To prevent your drywall compound from drying out between applications, scrape mud down off the insides of the bucket (use something without sharp edges unless you’d like to bedazzle your wall patch with chunks of plastic) and pour a bit of water on top.
Premixed drywall compound has a shelf life; if it doesn’t dry out first, after several months or more depending on conditions, it will mold. (Ew.) The dry bagged type can mold as well, so be sure to store it where moisture can’t get to it.
Fiberglass Drywall Joint Mesh Tape
When dealing with a bigger hole, you’ll need some structure to support the joint compound. While it isn’t your only option, fiberglass tape is perfect for holes around ½ to 1 ½ inches in size. The tape should be wide enough to cover the hole and extend at least a half inch on all sides.
For larger repairs up to about 6”-8”, self-adhesive aluminum and steel mesh patches are available. Same principle, stronger material.
If you’ve read our blog recently, you knew this was coming. A dust mask and eye protection aren’t the fun stuff, but the fact is Mom was right: an ounce of prevention trumps a pound of microscopic dust in your trachea any day. (OK, maybe that was just our mom.)
Drywall sanding produces dust that will coat your respiratory passages, your eyeballs, and your neighbor’s eyeballs. And this stuff WILL sneak up on you, so none of that squint-and-hold-your-breath business. (Yeah, we see you.)
A Bright Light Source
You don’t know what you don’t know, and what you don’t know is if your 6” hole repair is as great as you think -- until you shine some light on it from the side. You can do this with a bright flashlight, but it’s much easier to use a work light you can position nearby for constant illumination while sanding.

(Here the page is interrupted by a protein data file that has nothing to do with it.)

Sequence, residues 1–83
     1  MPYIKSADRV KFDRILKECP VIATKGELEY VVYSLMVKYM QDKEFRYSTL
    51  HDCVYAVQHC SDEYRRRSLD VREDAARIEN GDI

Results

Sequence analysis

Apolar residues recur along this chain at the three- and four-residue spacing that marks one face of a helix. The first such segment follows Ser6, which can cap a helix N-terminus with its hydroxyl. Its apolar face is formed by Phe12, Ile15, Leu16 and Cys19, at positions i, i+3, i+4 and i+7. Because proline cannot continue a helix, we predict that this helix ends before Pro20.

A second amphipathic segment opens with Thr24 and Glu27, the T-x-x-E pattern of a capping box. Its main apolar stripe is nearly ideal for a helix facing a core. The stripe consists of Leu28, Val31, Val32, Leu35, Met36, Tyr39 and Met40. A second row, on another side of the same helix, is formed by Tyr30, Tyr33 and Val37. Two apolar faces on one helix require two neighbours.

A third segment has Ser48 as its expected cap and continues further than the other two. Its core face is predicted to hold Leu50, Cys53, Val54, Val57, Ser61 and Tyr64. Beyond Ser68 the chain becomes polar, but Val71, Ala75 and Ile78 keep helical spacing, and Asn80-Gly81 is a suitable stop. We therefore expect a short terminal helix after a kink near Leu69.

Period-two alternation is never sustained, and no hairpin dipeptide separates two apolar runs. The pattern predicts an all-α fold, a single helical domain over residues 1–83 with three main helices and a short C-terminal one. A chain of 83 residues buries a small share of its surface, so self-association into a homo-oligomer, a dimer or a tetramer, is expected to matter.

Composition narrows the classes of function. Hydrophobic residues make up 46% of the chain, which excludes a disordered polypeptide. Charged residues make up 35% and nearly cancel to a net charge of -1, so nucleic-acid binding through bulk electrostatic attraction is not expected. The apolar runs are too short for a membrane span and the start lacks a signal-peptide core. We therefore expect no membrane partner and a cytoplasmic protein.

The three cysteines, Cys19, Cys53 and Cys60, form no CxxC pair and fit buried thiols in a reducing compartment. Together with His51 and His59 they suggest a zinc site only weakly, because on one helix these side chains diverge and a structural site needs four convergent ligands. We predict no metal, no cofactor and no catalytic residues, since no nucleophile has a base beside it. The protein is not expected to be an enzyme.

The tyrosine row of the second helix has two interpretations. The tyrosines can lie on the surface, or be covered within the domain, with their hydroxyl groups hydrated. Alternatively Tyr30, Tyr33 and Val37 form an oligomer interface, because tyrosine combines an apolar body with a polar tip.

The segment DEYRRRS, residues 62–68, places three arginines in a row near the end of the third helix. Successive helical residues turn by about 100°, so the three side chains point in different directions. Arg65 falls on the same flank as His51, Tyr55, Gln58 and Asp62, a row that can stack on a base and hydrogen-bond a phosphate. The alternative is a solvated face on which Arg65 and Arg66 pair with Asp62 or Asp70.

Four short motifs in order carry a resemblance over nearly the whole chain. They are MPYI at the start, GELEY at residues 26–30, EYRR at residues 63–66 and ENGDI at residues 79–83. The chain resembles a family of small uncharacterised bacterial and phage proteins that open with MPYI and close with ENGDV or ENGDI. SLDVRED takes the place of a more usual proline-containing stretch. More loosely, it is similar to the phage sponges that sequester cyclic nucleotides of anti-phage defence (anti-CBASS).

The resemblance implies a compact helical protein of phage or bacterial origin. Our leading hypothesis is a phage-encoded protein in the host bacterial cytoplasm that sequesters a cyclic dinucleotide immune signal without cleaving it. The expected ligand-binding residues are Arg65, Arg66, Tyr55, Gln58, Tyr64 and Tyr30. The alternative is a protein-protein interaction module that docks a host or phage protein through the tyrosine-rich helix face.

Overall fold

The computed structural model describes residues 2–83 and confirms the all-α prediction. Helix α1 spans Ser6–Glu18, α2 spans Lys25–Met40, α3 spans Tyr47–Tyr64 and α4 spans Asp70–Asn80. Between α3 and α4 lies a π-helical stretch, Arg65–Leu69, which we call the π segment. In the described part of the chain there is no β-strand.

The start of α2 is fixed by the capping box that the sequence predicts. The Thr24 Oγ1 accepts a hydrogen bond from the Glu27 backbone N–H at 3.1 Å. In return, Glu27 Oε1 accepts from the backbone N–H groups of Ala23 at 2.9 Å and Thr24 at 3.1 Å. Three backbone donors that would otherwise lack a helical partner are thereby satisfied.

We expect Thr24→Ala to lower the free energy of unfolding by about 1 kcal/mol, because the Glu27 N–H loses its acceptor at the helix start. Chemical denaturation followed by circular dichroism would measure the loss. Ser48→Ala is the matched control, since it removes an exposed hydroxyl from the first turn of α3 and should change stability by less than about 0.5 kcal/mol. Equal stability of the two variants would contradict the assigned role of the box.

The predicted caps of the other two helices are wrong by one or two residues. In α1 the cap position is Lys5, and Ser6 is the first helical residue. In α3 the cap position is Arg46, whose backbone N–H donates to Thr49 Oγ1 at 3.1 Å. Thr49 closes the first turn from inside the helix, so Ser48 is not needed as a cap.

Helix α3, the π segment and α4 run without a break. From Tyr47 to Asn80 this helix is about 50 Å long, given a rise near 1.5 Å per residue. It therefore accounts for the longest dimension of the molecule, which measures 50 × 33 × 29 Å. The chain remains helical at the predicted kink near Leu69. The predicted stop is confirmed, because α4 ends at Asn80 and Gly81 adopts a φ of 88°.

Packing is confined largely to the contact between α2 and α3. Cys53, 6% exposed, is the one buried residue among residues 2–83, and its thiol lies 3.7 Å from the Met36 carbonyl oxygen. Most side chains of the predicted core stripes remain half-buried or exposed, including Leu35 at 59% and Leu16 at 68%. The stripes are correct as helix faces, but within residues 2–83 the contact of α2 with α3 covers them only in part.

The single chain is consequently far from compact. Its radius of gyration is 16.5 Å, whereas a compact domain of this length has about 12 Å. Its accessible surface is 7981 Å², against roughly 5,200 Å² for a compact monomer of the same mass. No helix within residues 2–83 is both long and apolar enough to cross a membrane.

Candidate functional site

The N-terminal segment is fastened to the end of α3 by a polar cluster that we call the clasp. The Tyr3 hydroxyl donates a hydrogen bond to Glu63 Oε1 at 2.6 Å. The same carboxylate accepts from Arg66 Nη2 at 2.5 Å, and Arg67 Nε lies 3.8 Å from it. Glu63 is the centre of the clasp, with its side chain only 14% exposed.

Note: Doing this check will reveal every. little. thing. Try not to get too obsessive. You’ll apply texture over the patch later, which will hide the smallest imperfections. Just focus on that fade and make sure there aren’t any bumps, slopes, or grooves you can’t live with.
For patch jobs larger than 6 inches, you’ll want a piece of scrap drywall or small drywall panel made just for repairs. If you don’t have access to either, or your repair requires something bigger, you can pick up a regular (8’) sheet. That is not an easy or particularly fun task, as Cindy, a Sparetoolz user, can attest:
“My adorable mini SUV can’t pack an 8’ sheet of drywall. On a recent trip to our local home improvement store, which shall remain nameless (initials HD…cough), our (my and my husband’s) dreams of excellent customer service were quickly thwarted when we asked if they’d cut a piece of drywall down to mini SUV-size. Undeterred, the hubs whipped out a utility knife and DIY’d it--under the long, disapproving side-eye from Man in Orange Vest. I’m not recommending this… I’m just saying.
(We did what we had to, Mr. Grumpypants. And, in our defense, we did ask.)”
Avoiding a Cleanup Nightmare
The less dust you’ve created and the better you’ve managed its spread, the easier cleanup will be. With repairs that require drywall compound and lots of sanding, prep is everything.
BEFORE + DURING
Turn off all circulating air in your house when doing any but the smallest repairs, to avoid dust finding its way to your ducts and beyond.
When doing more than a quick patch, cover anything you want to keep clean, especially dust magnets like blinds and light fixtures. Protect floors with strong cardboard or a canvas tarp.
Occasionally give the surface a quick wipe with a slightly damp cloth while sanding, to find any imperfections hiding in the dust.
When finished, wipe away any remaining dust with a damp cloth to prepare for texture, priming, and painting! (We’re so proud already.)
If vacuuming the floor and other surfaces, unless you just want to play Fun With Microscopic Gypsum Dust Plumes, use a vacuum cleaner with a good HEPA filter. If you own a shop vac, pick up a filter bag rated to stop these small particles.
Stuff walls are made of -- in your plumbing. (Enough said.) Although not officially considered hazardous, these materials can contain chemicals best left out of our waterways and drinking water. While it’ll be tough to avoid washing any down the drain, do your best to avoid it.
Wash your tools in a bucket of water, filter the water through something (a piece of screen will do) to catch solids, scoop and wipe out any remaining glop from the bucket, and set it aside somewhere safe to dry--then toss the dry mud in the trash.
If you need to dispose of a lot of compound, best check with your garbage company for local guidelines.
Tool Shortage Got You Down?
Depending on the size of your repair, you may need the tools mentioned here and more. Butter knives still pinch-hitting for a screwdriver at your place? Sparetoolz has you covered! Sign up, find a neighbor with the tools you need, and rent them for a small fee. Your walls will approve.